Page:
Airsoft guns can bring real danger

Toy gun makers strive to make their guns look as much like the real thing as possible. Such realism makes it hard for police to determine if the toys and those holding them are a threat. - Lisa Yarost/Flickr
Toy gun makers strive to make their guns look as much like the real thing as possible. Such realism makes it hard for police to determine if the toys and those holding them are a threat.
— image credit: Lisa Yarost/Flickr

The gun barrels, magazine clips and pistol grips of toy pellet guns commonly played with by teens look all too real, Island police say. And play fighting with these toy weapons in public is a growing safety concern on the Island.

This year, Island police officers have had some close calls with teens brandishing or playing with these common, realistic looking pellet guns, generally called Airsoft guns. As a result, officers want parents and teens to understand that the weapons look too real to be played with irresponsibly, such as in public.

Island Detective Art Munoz hopes parents will become more aware of the dangers and consequences of public displays of such weapons, especially if they knew that many real guns also look like toys.

“There’s no way an officer can tell the difference,” Munoz said about the difference between a toy replica and real firearm. “The weight, the look. They (the manufacturer) want it to look real.”

Youth playing with these toy guns in public is a growing problem for police nationwide. In Washington state, police from Bremerton to Spokane have made arrests recently for teens bringing guns to school, shooting pedestrians from building rooftops near a day care to firing at a Santa Claus at the mall.

Such incidents are no joke to police. Munoz, the city’s School Resource Officer, teaches a class on dangerous weapons at the high school. He routinely shows the students pictures of real assault rifles and hand guns to show them how similar they look. A quarter to half of students he teaches say they have air guns, he said.

The police often receive calls about air guns being reported by the public, too, Munoz said.

According to a 2005 study done by the Centers for Disease Control and Prevention, approximately 19,675 non-powder gun injuries were treated in United States emergency rooms that year. Of these injuries, 71 percent involved individuals 20 or younger. Although the study was not limited to only airsoft guns, the toy guns can fire at speeds of hundreds of feet per second. Many hospitals and healthcare professionals throughout the country have reported a significant rise in airsoft-related eye injuries in recent years.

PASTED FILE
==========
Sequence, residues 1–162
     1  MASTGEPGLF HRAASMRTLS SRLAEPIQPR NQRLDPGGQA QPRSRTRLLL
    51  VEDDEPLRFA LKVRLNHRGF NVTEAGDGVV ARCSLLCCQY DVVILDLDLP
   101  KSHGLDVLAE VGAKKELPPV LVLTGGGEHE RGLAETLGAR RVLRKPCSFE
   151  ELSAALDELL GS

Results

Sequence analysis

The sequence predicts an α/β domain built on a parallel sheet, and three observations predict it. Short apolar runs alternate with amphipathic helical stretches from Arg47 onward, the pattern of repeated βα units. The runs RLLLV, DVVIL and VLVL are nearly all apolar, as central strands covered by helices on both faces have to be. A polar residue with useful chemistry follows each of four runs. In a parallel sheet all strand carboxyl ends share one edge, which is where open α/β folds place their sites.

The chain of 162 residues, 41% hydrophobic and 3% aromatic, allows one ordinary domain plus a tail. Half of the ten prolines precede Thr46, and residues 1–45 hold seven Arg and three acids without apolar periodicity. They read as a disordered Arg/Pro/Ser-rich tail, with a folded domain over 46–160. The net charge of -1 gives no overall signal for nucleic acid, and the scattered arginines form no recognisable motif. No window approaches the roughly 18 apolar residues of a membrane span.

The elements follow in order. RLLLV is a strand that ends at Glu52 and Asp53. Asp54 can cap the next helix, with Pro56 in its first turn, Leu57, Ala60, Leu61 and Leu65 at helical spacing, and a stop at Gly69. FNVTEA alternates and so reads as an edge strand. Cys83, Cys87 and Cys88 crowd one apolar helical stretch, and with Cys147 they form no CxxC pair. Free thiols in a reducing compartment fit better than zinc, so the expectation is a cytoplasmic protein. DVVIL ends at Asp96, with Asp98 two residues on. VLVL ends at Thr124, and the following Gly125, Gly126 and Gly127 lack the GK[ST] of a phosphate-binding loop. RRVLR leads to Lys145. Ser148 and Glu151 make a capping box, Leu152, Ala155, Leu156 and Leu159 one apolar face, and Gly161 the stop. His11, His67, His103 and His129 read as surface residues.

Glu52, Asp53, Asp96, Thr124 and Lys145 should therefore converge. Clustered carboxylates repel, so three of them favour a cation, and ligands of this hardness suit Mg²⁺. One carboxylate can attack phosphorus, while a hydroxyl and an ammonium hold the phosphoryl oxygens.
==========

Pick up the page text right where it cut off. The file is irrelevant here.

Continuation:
The toy guns are easy to find and cost as little as $40. According to an airsoft gun supplier’s Web site, the toy guns are manufactured to look real as they are used in simulation war games as a modern combat sport or recreational hobby similar to paint ball. The tips of toy guns are painted by manufacturers with orange to distinguish them from the real thing. However, many enthusiasts paint out the orange to make them more authentic.

“In [my] class I try to educate students that they cannot be in public with these toys,” Munoz said. “And I always say that if they are contacted by an officer while with an air gun, to listen to their commands.”

In the past year, there have been several incidents when Mercer Island officers have responded to calls of concern involving teens with these realistic toys.

The most recent occurred on Nov. 30 in the North end QFC parking lot. According to the police report, some juveniles were driving around the Island shooting pellets at pedestrians and one another from their cars when their game of war moved to the grocery store parking lot. It was there that officers contacted the youths — not immediately knowing if the guns were toys. Munoz said the boys might be in legal trouble for such play. He said the consequences of air gun play can range from minor infractions to serious charges of illegal use of weapons to aggressive police actions.

A similar incident took place on New Year’s Eve last year at the high school.

That night, an officer responded to a call reporting several juveniles with guns at the high school around 10:30 p.m. Officer J. Haraway found four youths with weapons at the school and ordered them to the ground at gun point. He disarmed the individuals only then finding that the guns were realistic toy air guns. Police later called the boys’ parents together to inform the youths of the dangers of playing in public with these toy weapons. The guns, two mock pistols and three automatic assault rifles or “Uzis” were confiscated and placed into evidence.

Another case of irresponsible use occurred on the Island last year in April. In that incident, a 16-year-old Islander was shot three times with a pellet gun around 6:30 p.m. while walking in the 7000 block of 84th Avenue S.E. According to the police report, two other teenagers with an Airsoft rifle fired at the teen as they drove by in a car. In another case, school security personnel found an airsoft pellet rifle in a student vehicle parked in the high school parking lot on May 2.

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